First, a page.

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kitchens have only one side exposed, and if the windows on this side are shadowed by the veranda roof that much-used room is made cheerless. If the veranda is on the north side of the house the roof might be omitted with advantage or if the house has two verandas the roof might be omitted from one. It is undesirable to darken the verandas with vines, but the use of flower boxes should be encouraged. If the roof of the veranda is built flat or with a slight pitch, it may be developed into an out-of-door sleeping porch by the tenant. It appears an unnecessary expenditure to box in underneath the veranda roof; this makes a more finished interior appearance, but does not add to the general appearance of the veranda. This boxed-in space slightly increases the fire hazard.

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The built-in " veranda should seldom be used on miners' houses, because of its expensiveness. This type of veranda robs the interior rooms of valuable space and is not so open, well ventilated, or breezy, and does not furnish such a variety of outlook as does the "built-on " veranda.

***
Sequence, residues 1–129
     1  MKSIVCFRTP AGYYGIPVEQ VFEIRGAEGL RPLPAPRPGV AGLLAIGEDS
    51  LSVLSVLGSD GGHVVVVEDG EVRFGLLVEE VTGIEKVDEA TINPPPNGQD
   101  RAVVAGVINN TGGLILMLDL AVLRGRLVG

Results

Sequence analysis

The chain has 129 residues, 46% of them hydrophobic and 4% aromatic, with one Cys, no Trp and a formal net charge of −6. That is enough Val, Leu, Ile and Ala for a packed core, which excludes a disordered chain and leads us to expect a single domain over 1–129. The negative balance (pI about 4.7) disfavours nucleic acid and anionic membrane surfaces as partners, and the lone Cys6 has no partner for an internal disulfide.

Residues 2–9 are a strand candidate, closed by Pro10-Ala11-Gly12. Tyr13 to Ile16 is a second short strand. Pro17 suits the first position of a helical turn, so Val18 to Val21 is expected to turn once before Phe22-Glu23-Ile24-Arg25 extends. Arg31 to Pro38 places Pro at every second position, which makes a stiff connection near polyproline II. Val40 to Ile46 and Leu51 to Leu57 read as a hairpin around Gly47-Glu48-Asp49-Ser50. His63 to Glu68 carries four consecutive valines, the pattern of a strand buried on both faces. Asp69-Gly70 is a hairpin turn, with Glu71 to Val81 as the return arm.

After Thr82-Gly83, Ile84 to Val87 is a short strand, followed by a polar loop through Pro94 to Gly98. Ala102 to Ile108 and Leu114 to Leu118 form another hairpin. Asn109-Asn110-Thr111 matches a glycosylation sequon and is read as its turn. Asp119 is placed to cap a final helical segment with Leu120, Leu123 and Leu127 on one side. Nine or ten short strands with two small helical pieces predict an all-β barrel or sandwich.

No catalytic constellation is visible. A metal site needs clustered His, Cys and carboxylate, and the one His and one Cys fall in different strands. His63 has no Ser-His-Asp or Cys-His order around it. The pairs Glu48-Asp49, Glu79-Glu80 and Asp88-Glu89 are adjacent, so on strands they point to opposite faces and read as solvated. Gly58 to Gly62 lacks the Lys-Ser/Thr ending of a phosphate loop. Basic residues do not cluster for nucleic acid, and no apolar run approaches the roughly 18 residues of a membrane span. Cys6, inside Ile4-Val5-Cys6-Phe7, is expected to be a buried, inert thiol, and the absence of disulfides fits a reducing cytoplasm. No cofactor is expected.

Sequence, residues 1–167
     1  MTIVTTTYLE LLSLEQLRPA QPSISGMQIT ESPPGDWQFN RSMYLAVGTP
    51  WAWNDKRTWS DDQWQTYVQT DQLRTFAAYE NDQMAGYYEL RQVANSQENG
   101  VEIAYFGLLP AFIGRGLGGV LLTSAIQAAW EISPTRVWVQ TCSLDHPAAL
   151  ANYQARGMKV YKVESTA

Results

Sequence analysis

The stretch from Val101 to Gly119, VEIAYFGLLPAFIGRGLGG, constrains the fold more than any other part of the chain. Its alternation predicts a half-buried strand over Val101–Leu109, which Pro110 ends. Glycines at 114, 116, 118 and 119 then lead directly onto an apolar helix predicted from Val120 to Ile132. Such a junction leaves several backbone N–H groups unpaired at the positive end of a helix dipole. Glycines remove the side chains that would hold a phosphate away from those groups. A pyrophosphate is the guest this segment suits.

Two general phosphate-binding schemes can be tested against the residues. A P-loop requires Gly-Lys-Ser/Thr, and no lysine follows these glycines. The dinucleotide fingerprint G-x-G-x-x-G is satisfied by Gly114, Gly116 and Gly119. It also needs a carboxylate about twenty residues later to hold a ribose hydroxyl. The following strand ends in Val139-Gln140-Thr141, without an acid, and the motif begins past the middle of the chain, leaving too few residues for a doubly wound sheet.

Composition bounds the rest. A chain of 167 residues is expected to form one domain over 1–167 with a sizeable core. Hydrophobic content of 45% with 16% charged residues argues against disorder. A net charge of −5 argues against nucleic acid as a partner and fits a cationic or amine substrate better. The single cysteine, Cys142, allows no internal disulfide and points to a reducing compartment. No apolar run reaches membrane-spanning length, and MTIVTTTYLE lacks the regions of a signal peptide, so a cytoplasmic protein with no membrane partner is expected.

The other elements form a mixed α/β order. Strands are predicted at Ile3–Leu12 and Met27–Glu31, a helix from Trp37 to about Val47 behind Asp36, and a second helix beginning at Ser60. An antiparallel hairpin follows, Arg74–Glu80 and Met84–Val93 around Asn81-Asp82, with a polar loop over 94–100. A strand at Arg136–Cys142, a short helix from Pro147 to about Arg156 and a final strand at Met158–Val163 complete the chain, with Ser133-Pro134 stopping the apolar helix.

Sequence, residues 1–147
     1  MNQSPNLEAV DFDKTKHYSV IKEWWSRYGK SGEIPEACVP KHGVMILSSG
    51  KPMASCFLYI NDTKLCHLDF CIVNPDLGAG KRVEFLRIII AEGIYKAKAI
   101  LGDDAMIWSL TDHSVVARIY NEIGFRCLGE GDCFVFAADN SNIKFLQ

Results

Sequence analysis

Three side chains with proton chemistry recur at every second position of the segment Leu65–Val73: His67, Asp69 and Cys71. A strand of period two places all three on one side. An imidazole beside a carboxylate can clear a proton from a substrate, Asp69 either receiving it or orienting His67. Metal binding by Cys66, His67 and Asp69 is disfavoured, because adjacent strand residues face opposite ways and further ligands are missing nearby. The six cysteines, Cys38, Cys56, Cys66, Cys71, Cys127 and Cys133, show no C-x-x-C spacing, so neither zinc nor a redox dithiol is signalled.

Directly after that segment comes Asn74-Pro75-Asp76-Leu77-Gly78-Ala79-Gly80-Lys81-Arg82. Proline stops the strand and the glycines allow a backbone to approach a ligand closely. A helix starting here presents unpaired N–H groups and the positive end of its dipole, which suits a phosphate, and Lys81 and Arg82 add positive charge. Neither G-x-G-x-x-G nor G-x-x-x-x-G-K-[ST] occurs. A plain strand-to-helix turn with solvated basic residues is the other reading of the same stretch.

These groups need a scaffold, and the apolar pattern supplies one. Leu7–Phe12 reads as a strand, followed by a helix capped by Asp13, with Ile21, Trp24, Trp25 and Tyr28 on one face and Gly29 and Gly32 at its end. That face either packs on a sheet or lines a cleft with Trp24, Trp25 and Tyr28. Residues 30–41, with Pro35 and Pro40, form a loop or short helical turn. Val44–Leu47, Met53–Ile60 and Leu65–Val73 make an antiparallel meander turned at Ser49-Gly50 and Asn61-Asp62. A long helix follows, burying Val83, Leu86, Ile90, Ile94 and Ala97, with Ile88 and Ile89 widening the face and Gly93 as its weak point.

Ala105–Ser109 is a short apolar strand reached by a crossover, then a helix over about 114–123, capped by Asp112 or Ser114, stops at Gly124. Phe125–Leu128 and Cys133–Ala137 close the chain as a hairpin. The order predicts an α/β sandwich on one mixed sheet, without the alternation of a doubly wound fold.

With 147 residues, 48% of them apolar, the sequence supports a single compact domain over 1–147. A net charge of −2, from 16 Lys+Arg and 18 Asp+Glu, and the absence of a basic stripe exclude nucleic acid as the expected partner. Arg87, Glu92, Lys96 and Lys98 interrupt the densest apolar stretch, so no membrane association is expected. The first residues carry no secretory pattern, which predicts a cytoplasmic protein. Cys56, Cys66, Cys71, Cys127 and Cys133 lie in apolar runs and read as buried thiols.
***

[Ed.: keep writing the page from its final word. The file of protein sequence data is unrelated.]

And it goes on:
VERANDA STEPS.

The steps are a part of the miner's house that are frequently out of repair. This is generally due to cheap and thoughtless construction, and not to abuse. Although the steps are not designed as cantilevers, they frequently become such in usage by the washing away of ground support. The part of the steps in contact with the ground should rest on a permanent, unmovable, substantial foundation. The stringers should be of 2-inch stock, spaced about 16 or 20 inches apart. The treads should be made of 13-inch stock, and should be slightly pitched to shed rain. The risers should be made of -inch stock, but should always be boarded up for safety. The appearance of the steps is improved by latticing the sides.